Thanks to the Religious Freedom Restoration Act, the government cannot use significant penalties to coerce a religious adherent into violating his faith, no matter how trivial the government considers the adherent’s beliefs to be, unless doing so is the least restrictive means of achieving a compelling governmental interest.
Pillar: Politics & Law
The third pillar of a decent society is a just system of politics and law. Such a government does not bind all persons, families, institutions of civil society, and actors in the marketplace to itself as subservient features of an all-pervading authority. Instead, it honors and protects the inherent equal dignity of all persons, safeguards the family as the primary school of virtue, and seeks justice through the rule of law.
Ross Douthat’s depiction of our society in his new book, The Decadent Society, should unsettle defenders of the status quo; his assessment of its potential resilience should give pause to those who are eagerly awaiting its fall and planning for what comes next. Decadence may be worse, and yet more permanent, than we think.
Hadley Arkes and Robert Miller go one more round on the moral norms that govern speech and the government’s authority in prohibiting immoral speech.
As civility becomes a contested value, we would do well to look to the example of Roger Williams, whose understanding of civility was grounded on the natural law. It depended on common human virtues and fostered the freedom of conscience and freedom of expression for members of a pluralistic society.
The Constitution itself directs us to use metaphysical and moral truths that lie beyond it in its interpretation. Indeed, a contemporary judge can be faithful to the Founders only by relying on these truths.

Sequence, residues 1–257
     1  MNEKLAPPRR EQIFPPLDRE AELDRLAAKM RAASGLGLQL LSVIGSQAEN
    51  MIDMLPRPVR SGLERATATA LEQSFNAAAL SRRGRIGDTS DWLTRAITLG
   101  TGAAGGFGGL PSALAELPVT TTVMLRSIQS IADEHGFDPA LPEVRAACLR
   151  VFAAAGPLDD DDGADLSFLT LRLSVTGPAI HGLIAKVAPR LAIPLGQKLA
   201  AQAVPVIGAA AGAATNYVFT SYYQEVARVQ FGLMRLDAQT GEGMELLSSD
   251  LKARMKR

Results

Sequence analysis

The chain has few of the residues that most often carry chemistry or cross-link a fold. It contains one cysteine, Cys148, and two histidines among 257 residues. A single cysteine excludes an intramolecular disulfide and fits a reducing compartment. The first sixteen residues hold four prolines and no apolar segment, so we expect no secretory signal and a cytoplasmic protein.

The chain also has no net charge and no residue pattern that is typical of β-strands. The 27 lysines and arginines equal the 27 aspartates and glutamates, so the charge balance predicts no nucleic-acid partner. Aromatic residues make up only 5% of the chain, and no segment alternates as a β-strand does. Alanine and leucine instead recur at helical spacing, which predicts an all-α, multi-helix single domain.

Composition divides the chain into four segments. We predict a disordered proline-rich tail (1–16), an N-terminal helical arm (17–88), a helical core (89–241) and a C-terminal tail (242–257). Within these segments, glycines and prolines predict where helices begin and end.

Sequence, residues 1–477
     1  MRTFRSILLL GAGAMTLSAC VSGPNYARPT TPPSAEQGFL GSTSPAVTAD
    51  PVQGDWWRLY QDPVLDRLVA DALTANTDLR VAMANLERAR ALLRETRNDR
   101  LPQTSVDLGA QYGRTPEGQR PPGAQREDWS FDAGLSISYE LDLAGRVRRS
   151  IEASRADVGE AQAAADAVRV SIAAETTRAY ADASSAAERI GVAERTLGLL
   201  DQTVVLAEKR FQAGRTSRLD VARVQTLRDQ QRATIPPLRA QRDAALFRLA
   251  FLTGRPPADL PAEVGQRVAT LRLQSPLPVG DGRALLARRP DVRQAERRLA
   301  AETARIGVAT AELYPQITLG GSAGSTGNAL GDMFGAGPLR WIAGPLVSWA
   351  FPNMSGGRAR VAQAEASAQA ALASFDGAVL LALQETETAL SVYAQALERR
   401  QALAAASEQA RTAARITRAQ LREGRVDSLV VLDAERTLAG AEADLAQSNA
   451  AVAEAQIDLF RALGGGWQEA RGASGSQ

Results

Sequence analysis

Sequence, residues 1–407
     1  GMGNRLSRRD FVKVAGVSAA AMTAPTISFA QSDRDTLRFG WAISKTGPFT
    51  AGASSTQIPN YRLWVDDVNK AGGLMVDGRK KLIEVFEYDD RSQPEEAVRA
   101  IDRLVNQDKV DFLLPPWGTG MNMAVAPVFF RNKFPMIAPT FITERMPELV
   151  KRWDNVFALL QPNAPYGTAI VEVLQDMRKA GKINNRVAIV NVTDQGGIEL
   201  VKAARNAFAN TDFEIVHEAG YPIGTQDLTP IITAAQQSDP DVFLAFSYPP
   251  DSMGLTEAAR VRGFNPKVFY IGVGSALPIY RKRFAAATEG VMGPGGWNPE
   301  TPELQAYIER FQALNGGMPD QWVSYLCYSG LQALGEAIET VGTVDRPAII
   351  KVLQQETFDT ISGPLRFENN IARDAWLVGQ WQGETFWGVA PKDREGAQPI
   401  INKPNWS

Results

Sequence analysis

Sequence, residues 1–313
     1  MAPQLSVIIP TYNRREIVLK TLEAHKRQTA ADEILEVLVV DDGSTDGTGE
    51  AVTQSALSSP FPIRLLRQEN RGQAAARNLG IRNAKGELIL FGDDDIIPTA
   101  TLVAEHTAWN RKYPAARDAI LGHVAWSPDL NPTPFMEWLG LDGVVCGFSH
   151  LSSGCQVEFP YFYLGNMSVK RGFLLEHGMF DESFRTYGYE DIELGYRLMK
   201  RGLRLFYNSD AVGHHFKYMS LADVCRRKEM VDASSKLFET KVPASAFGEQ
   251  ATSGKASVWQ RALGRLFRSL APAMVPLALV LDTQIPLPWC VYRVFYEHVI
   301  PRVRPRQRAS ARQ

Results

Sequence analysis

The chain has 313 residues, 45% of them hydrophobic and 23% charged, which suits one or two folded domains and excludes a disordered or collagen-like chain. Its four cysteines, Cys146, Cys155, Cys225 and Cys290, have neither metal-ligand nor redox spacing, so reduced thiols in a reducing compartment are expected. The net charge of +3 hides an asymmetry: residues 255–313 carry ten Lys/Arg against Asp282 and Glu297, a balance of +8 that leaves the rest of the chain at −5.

The Christian moral tradition provides a solid foundation for the right to privacy by linking it to the act of communication and sharing information, a fundamentally relational activity oriented toward both the personal and common good. The failures of Capital One, Ring, and others illustrate that it cannot be left up to individual institutions to protect their clients’ privacy. We must therefore develop stronger legal institutions that embody the principles of both privacy and transparency.
The US Supreme Court seems likely to rule in a way school-choice advocates will welcome. The Court will likely overrule the Montana court and hold a ban on scholarships for students at religiously affiliated schools unconstitutional—an important ruling, to be sure. But a sweeping opinion seems unlikely. Rather, Espinoza is shaping up to be one of those closely divided, narrow decisions that have become familiar in the Court’s Religion Clause jurisprudence.
Catholic social teaching can serve as an important source of wisdom about how to order personal action and social policy toward the ultimate ends of human life. Still, invoking this tradition does not obviate the need for detailed and mundane policy debate.
For decades, both First Things and National Review have struggled to make as much peace as possible between two uncongenial streams of conservative thinking and praxis. That their editors have now planted their feet decisively in one of those streams marks an important moment in the history of American conservatism.
There are moral standards applicable to all forms of human behavior, including speech, but neither the existence of such standards nor even our acknowledgement of them entails that government should enforce them. Whether the government should enforce a given standard depends on the likely effects of such enforcement, and the sad history of censorship shows that empowering the government to suppress “immoral” or “offensive” speech is highly susceptible of abuse and results in serious violations of the rights we all have to engage in good speech and hear the good speech of others. Giving this power to government is wrong for the same reason that giving alcohol and automobiles to teenage boys is wrong.